Practical advice: how to be a Stoic when facing modern politics

[Quaestor Reading the Death Sentence to Senator Thrasea Paetus, by Fyodor Bronnikov, Radischev Art Museum, Wiki source]

You might be aware of the fact that arguably the most important US Presidential election in recent memory is coming up, in a few days. Despite one of the two candidates clearly leading in the polls, the outcome is uncertain, in part because of blatant attempts to undermine the legitimacy of the election, voter suppression, and a newly rebalanced (some would say unbalanced) Supreme Court that could hand in the Presidency to the incumbent regardless of what a majority of the American people want. It is not, unfortunately, an exaggeration to say that the experiment that began in 1789 — the year the American Constitution went into effect — may be at an end. Or not. Only the (very near) future will tell.

Regardless of this particular situation, all citizens of democratic or quasi-democratic countries in the world regularly face the prospect of things going the “wrong” way (from their perspective) at the ballot. If we care about whatever society we happen to live in, we all argue with others, get frustrated by what we perceive as lack of progress, and upset when the political tide turns the other way. 

Can Stoicism help with all this? Yes, in five different respects, which I will discuss below. Use the sections of this article as a vademecum (carry it with you) for any future situation in which you wonder about how to react to a political discussion or setback.

(Incidentally, I presented these ideas in the form of a talk at a recent “Classical Wisdom” conference. The slides accompanying my presentation are available for download here.)

I. The Stoic attitude toward elections

Elections are team sports, though unlike sports, the outcome actually matters to the lives of people. This means that for every election winner there is an election loser. And for every person rejoicing at the results there will be another one who will get upset. That’s because relatively few people take seriously one of the cardinal tenets of Stoic philosophy, the dichotomy of control:

“Some things are within our power, while others are not. Up to us are opinion, motivation, desire, aversion, and, in a word, whatever is of our own doing; not up to us are our body, our property, reputation, office, and, in a word, whatever is not of our own doing.” (Epictetus, Enchiridion 1.1)

Epictetus is saying that the only things we truly control are our judgments, which take the form of endorsed values (our “desires” and “aversions”), decisions to act or not to act (“motivation”), and our “opinions” on whatever matter is under consideration. Everything else, including our own body, we may be able to influence to an extent, but do not ultimately control.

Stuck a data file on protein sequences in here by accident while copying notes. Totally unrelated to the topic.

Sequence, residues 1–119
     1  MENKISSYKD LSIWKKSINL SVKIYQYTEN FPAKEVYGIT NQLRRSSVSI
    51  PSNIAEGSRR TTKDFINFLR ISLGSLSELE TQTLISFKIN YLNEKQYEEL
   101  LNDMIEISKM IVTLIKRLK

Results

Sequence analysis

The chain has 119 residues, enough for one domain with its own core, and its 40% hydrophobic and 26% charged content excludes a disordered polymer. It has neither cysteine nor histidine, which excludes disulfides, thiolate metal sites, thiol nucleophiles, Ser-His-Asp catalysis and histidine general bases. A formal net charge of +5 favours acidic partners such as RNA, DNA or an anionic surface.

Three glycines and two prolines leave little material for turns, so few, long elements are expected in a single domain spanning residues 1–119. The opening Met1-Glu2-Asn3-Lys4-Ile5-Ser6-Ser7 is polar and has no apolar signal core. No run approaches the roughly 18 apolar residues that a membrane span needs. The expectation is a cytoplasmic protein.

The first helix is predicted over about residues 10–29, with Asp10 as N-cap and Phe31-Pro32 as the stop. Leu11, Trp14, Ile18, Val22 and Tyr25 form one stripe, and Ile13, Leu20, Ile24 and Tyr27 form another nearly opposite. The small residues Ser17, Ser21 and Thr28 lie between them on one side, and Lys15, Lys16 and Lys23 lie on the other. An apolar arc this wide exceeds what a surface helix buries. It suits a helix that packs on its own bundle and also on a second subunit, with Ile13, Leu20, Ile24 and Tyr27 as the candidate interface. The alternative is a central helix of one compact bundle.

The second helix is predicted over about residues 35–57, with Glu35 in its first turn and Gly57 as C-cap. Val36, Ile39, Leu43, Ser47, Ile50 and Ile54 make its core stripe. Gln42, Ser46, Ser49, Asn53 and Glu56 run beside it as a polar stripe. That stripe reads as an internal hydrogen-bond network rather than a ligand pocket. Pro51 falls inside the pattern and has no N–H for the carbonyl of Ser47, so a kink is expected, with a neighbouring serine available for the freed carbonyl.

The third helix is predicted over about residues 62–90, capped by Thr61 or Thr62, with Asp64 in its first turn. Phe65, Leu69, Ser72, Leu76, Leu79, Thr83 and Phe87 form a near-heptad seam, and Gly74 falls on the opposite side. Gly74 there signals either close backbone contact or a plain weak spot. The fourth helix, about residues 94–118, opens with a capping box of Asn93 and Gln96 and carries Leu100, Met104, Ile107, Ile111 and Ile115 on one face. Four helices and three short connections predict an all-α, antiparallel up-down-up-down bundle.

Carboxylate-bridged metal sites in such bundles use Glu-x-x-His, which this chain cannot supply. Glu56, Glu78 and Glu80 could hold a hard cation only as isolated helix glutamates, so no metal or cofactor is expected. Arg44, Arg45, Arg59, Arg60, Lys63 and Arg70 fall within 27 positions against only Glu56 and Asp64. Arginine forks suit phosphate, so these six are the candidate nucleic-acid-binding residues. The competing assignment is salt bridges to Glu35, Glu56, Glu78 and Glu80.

This is about our agency, and the very commonsensical notion that we would be well served by understanding its limits and focusing where it is maximized. What does this mean, in practice, when it comes to political elections?

As an exercise, sit down in front of a piece of paper or your electronic device and create a simple table with two columns. Label the left column “up to me” and label the right column “not up to me.” Then reflect on what falls under either column. For example:

Up to me: whether to vote; who to vote for; which candidate to send money to; which candidate to support when talking to others.

Not up to me: how many other people vote; who wins; how much difference my financial contributions will make; who others vote for.

If we mindfully proceed in this fashion we will be rewarded with the fulfillment of Epictetus’ promise:

“If you have the right idea about what really belongs to you and what does not, you will never be subject to force or hindrance, you will never blame or criticize anyone, and everything you do will be done willingly.” (Enchiridion 1.3)

II. The Stoic attitude about political (or any other) discussions

It may seem like political polarization is an artifact of the 24-hr news cycle and social media, but it is actually a real phenomenon, at least in the United States. A study conducted by the Pew Research Center shows this data in hand. This means that our public discussions concerning politics more and more resemble a Monty Python sketch. And that’s not a good thing, outside of comedy.

How, then, does a Stoic approach a discussion, whether it is about political matters or, really, anything else? In the way Marcus Aurelius advised:

“People exist for the sake of one another. Teach them then or bear with them.” (Meditations, VIII.59)